#10:29:49.471455 IP (tos 0x0, ttl 126, id 32399, offset 0, flags [none], proto: UDP (17), length: 105) > UDP, length 77
total=$(sum|tail -1)
t0=$(head -1 $file|awk '{print $1}')
t1=$(tail -1 $file|awk '{print $1}')
h0=$(echo $t0|cut -d: -f1|sed 's/^0//')
h1=$(echo $t1|cut -d: -f1|sed 's/^0//')
m0=$(echo $t0|cut -d: -f2|sed 's/^0//')
m1=$(echo $t1|cut -d: -f2|sed 's/^0//')
s0=$(echo $t0|cut -d: -f3|sed 's/^0//')
s1=$(echo $t1|cut -d: -f3|sed 's/^0//')
s0=$(echo $s0|cut -d\. -f1|sed 's/^0//')
s1=$(echo $s1|cut -d\. -f1|sed 's/^0//')
[ -z "$h0" ] && h0=0
[ -z "$h1" ] && h1=0
[ -z "$m0" ] && m0=0
[ -z "$m1" ] && m1=0
[ -z "$s0" ] && s0=0
[ -z "$s1" ] && s1=0
#echo total bytes: $total
#echo elapsed time: $elapsed
echo $kbps kbps at $(date)
sleep $sleep

The idea

Running tcpdump with the -v switch gives us packet length. We find that length and sum it up. Here we used a filter epxression of 216.71/16 to capture only the traffic from that subnet.

The number of packets to capture has to be tuned to how busy it gets. Now it’s set to only capture 1000 packets. And you see my crude timings are truncated at the second. So 1000 packets in one second or about 1.5 MBytes/sec = 12 Mbps is the maximum sensitivy of this approach. I doub it will really work for interfaces with more thn 100 Mbps, even after you scaled up the count (and don’t forget to change the denominator in the kbps line!

Here’s a sample output:

1000 packets captured
2002 packets received by filter
0 packets dropped by kernel
5 kbps at Wed Nov 3 12:09:45 EDT 2021

I think it’s important to note the number of packets dropped by the kernel. So if it gets too busy as I underatdn it, it will at least try to tell yuo that it couldn’t capture all the data and at that point you can no longer trust this method. Perhaps with enhanced statistical methods it could be salvaged.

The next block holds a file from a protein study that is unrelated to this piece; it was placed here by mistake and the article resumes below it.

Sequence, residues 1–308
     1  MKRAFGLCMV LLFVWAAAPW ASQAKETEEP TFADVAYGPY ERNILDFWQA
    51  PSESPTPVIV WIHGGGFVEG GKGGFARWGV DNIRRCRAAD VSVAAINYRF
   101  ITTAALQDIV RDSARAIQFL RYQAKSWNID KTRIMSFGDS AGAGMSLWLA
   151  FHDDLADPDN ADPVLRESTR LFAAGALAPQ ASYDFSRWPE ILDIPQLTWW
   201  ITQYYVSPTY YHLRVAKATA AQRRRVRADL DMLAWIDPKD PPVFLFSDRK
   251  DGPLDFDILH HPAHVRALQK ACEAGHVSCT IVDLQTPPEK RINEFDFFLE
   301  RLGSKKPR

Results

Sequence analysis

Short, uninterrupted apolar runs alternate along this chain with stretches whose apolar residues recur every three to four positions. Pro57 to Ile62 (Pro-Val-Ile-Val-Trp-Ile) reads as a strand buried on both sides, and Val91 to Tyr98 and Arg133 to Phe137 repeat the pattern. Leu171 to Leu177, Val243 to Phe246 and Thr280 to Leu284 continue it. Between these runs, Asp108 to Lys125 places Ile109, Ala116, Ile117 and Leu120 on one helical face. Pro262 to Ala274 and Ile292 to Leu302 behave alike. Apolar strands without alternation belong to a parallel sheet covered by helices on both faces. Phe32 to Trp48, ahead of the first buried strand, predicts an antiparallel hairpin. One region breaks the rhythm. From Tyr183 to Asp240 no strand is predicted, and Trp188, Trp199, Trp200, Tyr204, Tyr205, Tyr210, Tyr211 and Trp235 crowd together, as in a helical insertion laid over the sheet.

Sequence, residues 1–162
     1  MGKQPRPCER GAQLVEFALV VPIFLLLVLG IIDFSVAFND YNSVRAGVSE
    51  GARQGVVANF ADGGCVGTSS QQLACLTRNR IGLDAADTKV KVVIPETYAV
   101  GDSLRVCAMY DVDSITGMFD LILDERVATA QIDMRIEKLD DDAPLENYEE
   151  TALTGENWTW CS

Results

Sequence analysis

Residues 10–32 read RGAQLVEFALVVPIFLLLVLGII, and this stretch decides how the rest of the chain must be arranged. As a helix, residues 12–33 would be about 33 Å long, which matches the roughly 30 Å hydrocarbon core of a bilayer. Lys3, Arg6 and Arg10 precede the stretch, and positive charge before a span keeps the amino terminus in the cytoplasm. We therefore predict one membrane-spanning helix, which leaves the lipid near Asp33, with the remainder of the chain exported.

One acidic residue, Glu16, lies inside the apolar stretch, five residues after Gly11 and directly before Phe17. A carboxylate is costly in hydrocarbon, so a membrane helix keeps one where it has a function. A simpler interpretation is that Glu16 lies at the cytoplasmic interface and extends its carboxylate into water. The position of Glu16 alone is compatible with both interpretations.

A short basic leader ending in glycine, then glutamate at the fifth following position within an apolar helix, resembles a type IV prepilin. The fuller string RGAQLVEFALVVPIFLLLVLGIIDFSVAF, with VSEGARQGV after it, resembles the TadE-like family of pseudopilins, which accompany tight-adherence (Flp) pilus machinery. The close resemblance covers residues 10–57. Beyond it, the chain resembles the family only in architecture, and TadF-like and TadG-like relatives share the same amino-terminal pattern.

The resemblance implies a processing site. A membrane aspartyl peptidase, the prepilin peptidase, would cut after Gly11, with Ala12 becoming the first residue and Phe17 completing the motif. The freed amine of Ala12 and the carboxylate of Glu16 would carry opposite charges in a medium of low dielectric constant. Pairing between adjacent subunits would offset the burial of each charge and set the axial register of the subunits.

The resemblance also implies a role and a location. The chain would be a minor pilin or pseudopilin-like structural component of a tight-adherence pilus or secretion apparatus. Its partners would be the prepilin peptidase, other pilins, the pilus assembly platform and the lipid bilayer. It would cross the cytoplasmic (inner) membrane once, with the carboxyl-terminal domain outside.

I don’t run it continuously to also give the kernel a breather. It probably doesn’t make much difference, but every two minutes seems plenty frequent to me…


We have demonstrated a crude but better-than-nothing script to calculate bandwidth for a given tcpdump filter expression. It won’t win any awards, but it contains some worthwhile ideas. And it seems to work at low bandwidth levels.


Checkpoint Gaia admin tips


Suppose, hypothetically, that you had super admin access to a CMA in SmartConsole v 80.40, but lacked ssh or GUI access to firewalls within that CMA? What could you do? Can you run commands in a pinch? Yes. You can. Here are some concrete examples.


In the servers section of the domain you can right-click and choose “Run one-time script.” That’s great, but I think there are limits. It will time out a script that takes too long. IDK, maybe 10 seconds or so is the maximum time allowed. The returned text gets truncated if it’s too long. 15 lines of text is OK. 200 is not. Somewhere inbetween those two is the limit.

Running clish commands

clish commands can indeed be run this way. I was interested in examining a few routes on a firewall with many static routes. I ran:

netstat -rn|grep 198.23|head -15

Set a static route

clish -sc “set static-route nexthop gateway address on”

Redistribute this route via BGP

clish -sc “set route-redistribution to bgp-as 38002.48928 from static-route on”

Run a PING (best to restrict the number of ping packets)

ping -c3

Show a part of configuration, e.g., BGP stuff

clish -c “show configuration”|grep bgp|head -15

Show cluster IPs

cphaprob -vs all -a -m if|grep 10.182.136

Learn the name of the switch and switch port an interface is connected to (Cisco switches only)

This is a really awesome trick. And it works. Maybe it relies on something clled CDP. Not sure. But you run it and it will tell you the hostname of the switch and the port, e.g., eth1/5.

tcpdump -vnni eth1-08 -s 1500 -c 1 ‘(ether[12:2]=0x88cc or ether[20:2]=0x2000) and not tcp and not udp and not icmp’

The interface name eth1-08 above is just an example.

This command is general-putpose and works with any device with any OS, assuming you can run a packet trace with tcpdump or equivalent. Very cool.


Real firewall admins I know fail to realize that even when they lack shell access to a firewall they can pretty issue any command they need if they use the one-time script option in SmartConsole. It just helps to follow along the lines of the examples above – limiting output, etc. Even clish config changes can be made! A common reason to be in this situation is to learn someone changed a password or cleaned up old accounts.